I Walked with a Zombie is not so much a horror film as one dripping with a very shadowy Gothic. And it takes a surprisingly un-sensationalist approach to voodoo, neither presenting it as an excuse to wallow in lurid shock imagery, nor as a Hollywood cliché of “native superstitions”. A good, ghostly-tinged film, then, probably better in terms of characterisation and drama than Cat People, though I have to say I still prefer Cat People for being so intense, weird, dark and tragic.


Curse of the Cat People

Curse of the Cat People (poster)If you come to Curse of the Cat People (1944) expecting a sequel to Cat People in the usual sense of a horror sequel, you’ll be disappointed (as I was, the first time I saw it). Usually, in a horror sequel, the monster from the first film returns to wreak havoc on a new set of victims; here, the victims from the first film return to wreak havoc on a new monster — only, in this case, the “monster” isn’t a troubled young woman, but an over-imaginative young girl.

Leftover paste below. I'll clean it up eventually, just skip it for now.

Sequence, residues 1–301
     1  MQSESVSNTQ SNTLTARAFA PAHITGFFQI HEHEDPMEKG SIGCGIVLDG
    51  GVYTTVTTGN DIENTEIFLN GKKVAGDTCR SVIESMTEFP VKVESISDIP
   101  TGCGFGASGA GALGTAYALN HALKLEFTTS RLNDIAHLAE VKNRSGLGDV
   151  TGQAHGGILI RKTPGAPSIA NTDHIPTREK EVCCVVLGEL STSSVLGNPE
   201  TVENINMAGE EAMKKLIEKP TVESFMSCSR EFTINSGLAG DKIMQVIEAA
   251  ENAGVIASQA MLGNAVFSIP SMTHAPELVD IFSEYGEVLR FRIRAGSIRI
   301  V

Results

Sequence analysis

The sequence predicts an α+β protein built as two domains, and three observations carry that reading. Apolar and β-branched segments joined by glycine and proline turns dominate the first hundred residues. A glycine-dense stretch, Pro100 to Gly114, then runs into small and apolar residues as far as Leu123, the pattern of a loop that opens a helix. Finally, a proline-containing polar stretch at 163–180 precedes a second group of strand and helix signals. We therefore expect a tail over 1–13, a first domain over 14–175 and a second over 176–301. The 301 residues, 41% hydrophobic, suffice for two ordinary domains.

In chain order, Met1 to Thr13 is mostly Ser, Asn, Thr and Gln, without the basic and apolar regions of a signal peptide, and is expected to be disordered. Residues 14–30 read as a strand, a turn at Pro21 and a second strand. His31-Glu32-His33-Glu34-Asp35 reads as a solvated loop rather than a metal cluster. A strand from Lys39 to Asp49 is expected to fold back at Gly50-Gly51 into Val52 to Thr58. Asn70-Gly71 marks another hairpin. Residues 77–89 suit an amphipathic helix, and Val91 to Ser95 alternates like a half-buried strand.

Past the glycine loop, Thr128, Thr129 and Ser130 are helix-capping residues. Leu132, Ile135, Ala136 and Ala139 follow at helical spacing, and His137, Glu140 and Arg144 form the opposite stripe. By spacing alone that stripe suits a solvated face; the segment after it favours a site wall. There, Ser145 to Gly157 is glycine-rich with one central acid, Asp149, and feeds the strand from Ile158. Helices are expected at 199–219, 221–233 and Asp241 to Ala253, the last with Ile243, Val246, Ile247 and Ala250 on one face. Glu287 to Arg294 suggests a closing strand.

In Curse of the Cat People, all-American lukewarms Alice and Ollie (the couple from Cat People) are now married and have a daughter. Amy is an imaginative child, shunned by other children because she’s apt to forget the game they’re playing and wander off in her own little world. Her father Ollie is worried. His experience with Irena in Cat People has led to him being mistrustful of everything that smacks of his former wife’s mental problems. He thinks there’s “something moody, something sickly” about young Amy’s tendency to go “moping and dreaming” on her own. “She could almost be Irena’s child,” he muses to this wife, who gently reminds him that she’s the one to know this can’t be the case. But when, having been shown a photograph of Irena, Amy identifies this dead woman as her new playmate, Ollie first tries to get her to admit she’s lying, then gives Amy her first smacking. He tells Amy’s teacher that his first wife “told lies to herself and believed them”, and that she then went mad, killed a man, then killed herself. (And so he seems to have forgotten his own last words at the end of the previous film: “She never lied to us.”)